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CRESAP, MCC0RM1CK and PAGET
NEW YORK- CHICAGO

{Management Ungineers
3 4 2 MADISON AVENUE, NEW YORK 17, N. Y.
MURRAY H I L L 7 - 5 4 5 O

September 25, 1950

Mr^Marriner S« Eccles
Federal Reserve System, Board of Gov.
The Shoreham
Washington, D. ()•
Dear Mr. Eccles:
This pamphlet, recently prepared by our firmf is being mailed
to a representative group of persons who might logically have
an interest in the Hoover Report.
We are confident you are among those who will find just such
a time-saving condensation helpful*
Particularly because so much of the most important legislation growing out of the Hoover recommendations is yet to be
considered by Congress, I hope you will have an opportunity
to read through this Summary and that it will prove useful to
you.




Sincerely,

MARK W. CRESAP, JR.
WILLARD F. MCCORMICK
RICHARD M. PAGET
JOSEPH P. MERR)AM
THOMAS D. MORRIS
JOHN R.SARGENT
MATTHEW L. DEVINE
ROBERT KAYE




Prepared as a public service by

CRESAP, McCORMICK and PAGET

NtW YORK— CHICAGO




Copyright 1950 by Crtsap, McOrmkk snd Pag*




A Summary of

THE HOOVER REPORT

Prepared as a public service by

CRESAP, McCORMICK and PAGET

^Management 'Engineers

NEW YORK—CHICAGO

"...an unprecedented approach to an unprecedented problem.9*







I

N

T

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D

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C

T

I

O

N

There are few matters of national concern on which there is greater unanimity of interest and approval than the Hoover Report . . . today's popular
reference to the extensive studies made by the Commission on Organization
of the Executive Branch of the Government under the direction of the Honorable Herbert Hoover.
The phrase "Hoover Report" has already passed into the language as a
synonym for orderly investigation and constructive recommendation. Despite
this, few except scholars have any clear picture of what the Commission
actually proposed.
Cresap, McCormick and Paget was privileged to execute a major project
for the Hoover Commission. In this capacity, the firm acquired firsthand
familiarity with the work and workings of the Commission, and can testify
that the manner in which the Commission organized its assignment from
Congress brilliantly illustrates how to set about a task of analysis and recommendation. The Hoover Report is today's outstanding demonstration of the
use of objective counsel; of the role of the management engineer.
We recognize the hazard of attempting to condense some 2 million words
into a few pages and we further appreciate that, for better or for worse, conditions in Federal Government are in a constant state of flux. Nevertheless,
for the reasons outlined above, and because the firm of Cresap, McCormick
and Paget has a genuine hope that all the Hoover recommendations will
eventually become effective, this summary pamphlet has been prepared as a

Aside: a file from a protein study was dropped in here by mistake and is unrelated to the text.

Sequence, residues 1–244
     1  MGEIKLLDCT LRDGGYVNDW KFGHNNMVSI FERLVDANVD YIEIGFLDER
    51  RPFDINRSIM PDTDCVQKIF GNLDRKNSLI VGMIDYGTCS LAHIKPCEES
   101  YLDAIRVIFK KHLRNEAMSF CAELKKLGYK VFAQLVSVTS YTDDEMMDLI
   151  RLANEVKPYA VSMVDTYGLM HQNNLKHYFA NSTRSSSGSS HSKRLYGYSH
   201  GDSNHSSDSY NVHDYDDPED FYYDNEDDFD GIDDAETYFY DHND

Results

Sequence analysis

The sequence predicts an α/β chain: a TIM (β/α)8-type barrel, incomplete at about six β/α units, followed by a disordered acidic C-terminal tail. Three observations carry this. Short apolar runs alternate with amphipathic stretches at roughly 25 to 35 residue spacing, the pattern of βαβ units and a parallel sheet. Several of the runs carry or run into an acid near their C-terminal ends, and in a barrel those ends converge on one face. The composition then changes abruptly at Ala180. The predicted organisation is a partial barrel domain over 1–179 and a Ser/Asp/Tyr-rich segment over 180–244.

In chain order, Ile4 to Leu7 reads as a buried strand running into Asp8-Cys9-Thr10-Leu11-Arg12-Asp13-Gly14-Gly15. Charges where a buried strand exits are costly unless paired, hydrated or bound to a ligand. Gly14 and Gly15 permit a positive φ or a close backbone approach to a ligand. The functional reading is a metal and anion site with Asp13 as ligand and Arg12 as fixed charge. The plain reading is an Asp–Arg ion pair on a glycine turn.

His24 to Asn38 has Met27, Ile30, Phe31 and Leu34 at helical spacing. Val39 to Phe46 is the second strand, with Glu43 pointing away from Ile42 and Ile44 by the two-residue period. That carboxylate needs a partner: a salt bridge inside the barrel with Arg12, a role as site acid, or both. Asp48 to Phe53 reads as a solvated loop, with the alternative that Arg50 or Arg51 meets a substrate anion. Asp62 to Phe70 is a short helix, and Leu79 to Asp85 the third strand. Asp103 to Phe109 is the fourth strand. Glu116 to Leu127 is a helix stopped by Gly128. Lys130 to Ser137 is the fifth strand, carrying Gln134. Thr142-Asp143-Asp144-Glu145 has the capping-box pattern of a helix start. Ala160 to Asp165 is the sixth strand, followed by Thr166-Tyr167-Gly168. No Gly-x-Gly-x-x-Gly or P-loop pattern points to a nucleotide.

convenient guide for interested citizens.

THE APPROACH




Bipartisan Sponsorship. The Commission on Organization of the Executive Branch of the Government was formed late in 1947 at the direction of
Congress under the authority of the Lodge-Brown
Act. This act called for a survey to induce "economy, efficiency, and improved service in the transaction of public business . . ." It is important to
note that the Commission was not charged with
responsibility for examining the essentiality of any
service—only to ways of increasing efficiency and
economy.
Membership of the Commission consisted of
twelve men, equally divided among the Republican
and Democratic parties. Four members each were
appointed by the Speaker of the House, the President of the Senate, and the President of the United
States. At its first organization meeting, President
Truman, confirming and endorsing the bipartisan approach, proposed 'he appointment of Mr.
Hoover as Chairman, the now Secretary of State
Dean Acheson as Vice-Chairman.
Other members were former Civil Service Commissioner Arthur S. Flemming; Ohio businessman
George H. Mead; the late James V. Forrestal;
Vermont Senator George D. Aiken; businessman
and former Ambassador to Great Britain Joseph P.
Kennedy; Arkansas Senator John L. McClellan;

Michigan professor of political science James K.
Pollock; Ohio Representative Clarence J. Brown;
Alabama Representative Carter Manasco; and former Assistant to the President James H. Rowe, Jr.
Eminent Authorship. Twenty-four task groups were
organized under the leadership of 300 widely-informed, objective-minded citizens who served
without pay. This group, assisted by full-time research staffs, included many of the nation's most
prominent
Industrialists
Scientists
Educators
Statesmen
Publishers
Consultants
Bankers
Engineers
Public Administrators
The task forces, in turn, employed the best-qualified specialists and consultants to unearth and organize facts regarding the strengths and weaknesses
of the Federal Government. These facts and their
subsequent recommendations, determined after
sixteen months of intensive study, were thoroughly
reviewed and evaluated by the task forces and
then by the Commission itself. In total, the Commission's work extended over two years and cost
in the neighborhood of $2 million.

THE PROBLEM




Sixty Years of Futile Attempts to reorganize the
Government fully justified this elaborate approach. Since 1887, the time of Grover Cleveland,
there have been seven unsuccessful attempts to
bring order into the management of the Federal
Government. With but two exceptions, every
President since Cleveland has vainly sought power
to implement such organizational reforms.
The Vast Growth of Government in the past twenty
years has seriously aggravated the problem. The
Federal Government today, after a great depression and a second World War, has multiplied fourfold in size and its expenditures are fourteen times
greater than in 1928. But the basic management
structure has remained unchanged.
The Structure is so involved that it can only be described statistically. Hoover researchers were
appalled by the immensity of
Inventories...

$27 billion in personal property
alone. The actual value of real